Last week I went to stay with some friends who had just moved into a restored farm house on the Lincolnshire-Rutland borders. My host had set off to purchase some Lincolnshire Poacher, a local cheese, for us to sample. Having failed in that quest he lit upon some Shropshire Blue.
At the end of a good dinner, with a still generous supply of robust red wine to hand, the cheese was brought out and we were all surprised at just how good it was, creamy, rich, not such a strong taste that it took over the wine, excellent just on its own, in your fingers. And it has a lovely warm orangey colour with blue veining. Juliet Harbutt’s excellent tome, World Cheese Book, describes it as having
“a caramel sweetness behind a spicy blue tang”
It might not have come from Lincolnshire, but on researching I found it didn’t actually come from Shropshire either. It was originally made in Scotland by a Stilton cheese expert. The manufacture has since moved around, via Cheshire, and then on to dairies in Nottinghamshire where Stilton is also made. ‘Shropshire’ is just another marketing misnomer.
In fact, if you want to buy a type of Shropshire Blue actually made in Shropshire, you have to buy Ludlow Blue. This is the only orange-coloured cheese to gain its colour using carrot juice – Shropshire Blue and the other orange cheeses use annatto, a colouring derived from the seeds of the achiote tree. Robin Skailes of Cropwell Bishop Creamery (one of the principal manufacturers of Shropshire Blue) comments, “annatto has no flavour at all, but carrot juice of course does. I am not sure how carrot juice will affect the flavour of the cheese but I think the colour gives it a perception of different flavours”.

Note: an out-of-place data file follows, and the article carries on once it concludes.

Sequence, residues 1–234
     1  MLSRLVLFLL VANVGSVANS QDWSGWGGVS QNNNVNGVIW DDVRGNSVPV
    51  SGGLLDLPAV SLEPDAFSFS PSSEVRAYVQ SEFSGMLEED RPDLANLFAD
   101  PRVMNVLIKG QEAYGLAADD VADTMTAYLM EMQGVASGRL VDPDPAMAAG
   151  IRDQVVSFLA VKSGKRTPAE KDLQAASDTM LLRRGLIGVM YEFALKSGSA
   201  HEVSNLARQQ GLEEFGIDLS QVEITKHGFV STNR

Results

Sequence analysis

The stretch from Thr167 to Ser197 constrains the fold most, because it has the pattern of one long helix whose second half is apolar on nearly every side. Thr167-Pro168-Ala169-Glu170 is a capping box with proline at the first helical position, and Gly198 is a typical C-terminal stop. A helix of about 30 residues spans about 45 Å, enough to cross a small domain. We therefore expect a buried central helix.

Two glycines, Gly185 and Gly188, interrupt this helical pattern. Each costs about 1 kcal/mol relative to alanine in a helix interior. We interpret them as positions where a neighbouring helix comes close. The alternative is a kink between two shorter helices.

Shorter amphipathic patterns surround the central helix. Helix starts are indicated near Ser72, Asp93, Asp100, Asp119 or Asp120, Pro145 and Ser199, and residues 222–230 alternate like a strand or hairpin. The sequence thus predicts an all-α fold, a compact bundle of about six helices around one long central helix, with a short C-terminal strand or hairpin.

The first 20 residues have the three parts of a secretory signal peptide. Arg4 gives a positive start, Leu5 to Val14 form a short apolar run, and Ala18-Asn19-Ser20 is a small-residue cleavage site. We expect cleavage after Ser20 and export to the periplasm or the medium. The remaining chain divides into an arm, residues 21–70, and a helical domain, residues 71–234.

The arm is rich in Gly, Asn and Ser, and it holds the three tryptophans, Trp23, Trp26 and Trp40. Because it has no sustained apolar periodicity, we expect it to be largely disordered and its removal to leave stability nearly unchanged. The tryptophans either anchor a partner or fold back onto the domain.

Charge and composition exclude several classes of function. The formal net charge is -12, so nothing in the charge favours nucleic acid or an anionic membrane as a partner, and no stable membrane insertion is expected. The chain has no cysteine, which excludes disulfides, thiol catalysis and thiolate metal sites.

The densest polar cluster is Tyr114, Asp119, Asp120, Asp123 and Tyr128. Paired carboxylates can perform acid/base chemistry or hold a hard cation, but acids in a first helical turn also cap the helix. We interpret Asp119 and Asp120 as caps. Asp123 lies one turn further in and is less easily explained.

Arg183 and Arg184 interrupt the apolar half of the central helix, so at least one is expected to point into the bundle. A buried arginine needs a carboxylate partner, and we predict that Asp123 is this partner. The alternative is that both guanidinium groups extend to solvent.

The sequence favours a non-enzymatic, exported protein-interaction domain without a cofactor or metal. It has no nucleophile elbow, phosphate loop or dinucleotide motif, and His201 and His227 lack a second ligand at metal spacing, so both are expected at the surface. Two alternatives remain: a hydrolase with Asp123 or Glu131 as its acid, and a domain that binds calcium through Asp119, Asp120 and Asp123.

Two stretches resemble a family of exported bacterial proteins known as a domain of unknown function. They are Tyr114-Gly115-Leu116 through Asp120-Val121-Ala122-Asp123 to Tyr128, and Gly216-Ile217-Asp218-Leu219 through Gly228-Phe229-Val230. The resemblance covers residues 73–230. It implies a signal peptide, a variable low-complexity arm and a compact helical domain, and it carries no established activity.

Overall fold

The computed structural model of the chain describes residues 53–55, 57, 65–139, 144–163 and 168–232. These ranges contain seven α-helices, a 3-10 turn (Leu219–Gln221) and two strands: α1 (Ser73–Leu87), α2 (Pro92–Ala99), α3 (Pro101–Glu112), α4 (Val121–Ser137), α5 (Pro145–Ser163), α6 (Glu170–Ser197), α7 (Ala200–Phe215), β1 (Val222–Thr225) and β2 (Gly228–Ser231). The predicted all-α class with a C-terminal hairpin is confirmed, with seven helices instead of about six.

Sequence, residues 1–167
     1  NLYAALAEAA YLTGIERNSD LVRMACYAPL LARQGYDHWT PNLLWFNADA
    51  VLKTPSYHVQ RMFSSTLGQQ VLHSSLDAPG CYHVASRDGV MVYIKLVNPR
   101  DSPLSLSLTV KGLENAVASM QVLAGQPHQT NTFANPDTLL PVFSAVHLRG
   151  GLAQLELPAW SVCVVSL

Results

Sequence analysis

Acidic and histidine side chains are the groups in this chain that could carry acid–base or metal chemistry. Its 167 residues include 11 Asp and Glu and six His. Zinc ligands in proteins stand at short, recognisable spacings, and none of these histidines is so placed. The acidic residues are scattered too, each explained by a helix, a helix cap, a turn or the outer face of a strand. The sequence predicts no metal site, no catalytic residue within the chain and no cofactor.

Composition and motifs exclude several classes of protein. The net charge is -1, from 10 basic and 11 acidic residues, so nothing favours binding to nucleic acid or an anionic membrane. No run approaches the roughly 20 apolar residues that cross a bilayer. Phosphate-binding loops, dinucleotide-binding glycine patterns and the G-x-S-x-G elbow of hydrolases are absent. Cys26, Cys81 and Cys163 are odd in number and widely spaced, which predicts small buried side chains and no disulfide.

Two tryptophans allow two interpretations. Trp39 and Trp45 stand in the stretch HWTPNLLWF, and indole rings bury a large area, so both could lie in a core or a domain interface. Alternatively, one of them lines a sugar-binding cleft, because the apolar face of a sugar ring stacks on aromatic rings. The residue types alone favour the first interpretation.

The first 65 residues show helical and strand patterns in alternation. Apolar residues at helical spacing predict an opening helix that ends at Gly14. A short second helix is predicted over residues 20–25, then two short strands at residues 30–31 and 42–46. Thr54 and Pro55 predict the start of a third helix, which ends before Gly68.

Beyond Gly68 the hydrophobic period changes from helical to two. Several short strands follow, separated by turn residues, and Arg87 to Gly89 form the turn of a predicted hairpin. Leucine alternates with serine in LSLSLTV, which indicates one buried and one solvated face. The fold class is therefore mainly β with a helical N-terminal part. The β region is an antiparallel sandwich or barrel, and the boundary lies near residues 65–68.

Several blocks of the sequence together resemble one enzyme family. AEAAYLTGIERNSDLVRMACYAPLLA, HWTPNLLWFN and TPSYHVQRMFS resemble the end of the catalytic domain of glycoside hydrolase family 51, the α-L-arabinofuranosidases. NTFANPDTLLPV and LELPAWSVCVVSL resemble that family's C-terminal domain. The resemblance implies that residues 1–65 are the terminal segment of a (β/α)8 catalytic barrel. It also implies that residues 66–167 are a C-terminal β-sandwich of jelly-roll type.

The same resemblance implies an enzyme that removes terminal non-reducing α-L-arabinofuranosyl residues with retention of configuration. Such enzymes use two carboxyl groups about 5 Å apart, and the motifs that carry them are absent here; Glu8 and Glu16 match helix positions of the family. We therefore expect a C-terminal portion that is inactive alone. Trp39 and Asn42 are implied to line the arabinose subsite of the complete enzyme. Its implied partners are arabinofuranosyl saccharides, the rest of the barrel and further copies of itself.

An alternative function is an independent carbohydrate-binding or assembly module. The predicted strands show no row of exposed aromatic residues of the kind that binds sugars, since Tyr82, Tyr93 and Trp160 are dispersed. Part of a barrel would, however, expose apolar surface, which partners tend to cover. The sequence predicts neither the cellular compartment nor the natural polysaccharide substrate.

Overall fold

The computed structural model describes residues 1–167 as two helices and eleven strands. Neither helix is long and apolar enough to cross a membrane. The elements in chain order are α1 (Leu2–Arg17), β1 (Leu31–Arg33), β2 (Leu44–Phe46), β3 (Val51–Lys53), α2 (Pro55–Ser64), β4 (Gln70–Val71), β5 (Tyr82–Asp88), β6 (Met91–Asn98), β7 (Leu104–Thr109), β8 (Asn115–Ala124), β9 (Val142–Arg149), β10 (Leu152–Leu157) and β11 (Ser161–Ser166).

Ludlow Blue is available from the Ludlow Food Centre. Shropshire Blue on the other hand is available internationally at supermarkets everywhere.
I haven’t tried Ludlow Blue, but not-Shropshire Blue is well worth trying. I can testify that it goes well with red wine, but others also say that it also pairs well with port, brown ale, and even with a cup of tea. And it’s also great crumbled into soups or onto salads.
And, of course, when I walked into my local butcher in search of kidneys, down in the soft belly of the south of England, there was…. Lincolnshire Poacher!
If you are interested in blue cheeses you may also be interested in Cashel Blue, Crozier Blue, and Bellingham Blue. But you’ll be pushed to find a better cheese than Shropshire Blue (well, Stichelton is to die for, but aside from that…), it’s beeen named by the spanish version of Traveller Magazine as one of the 24 best cheeses on the planet, and it has just been named as one of the top fifty foods in the latest Great Taste Awards.
This post is dedicated to Tim Fiducia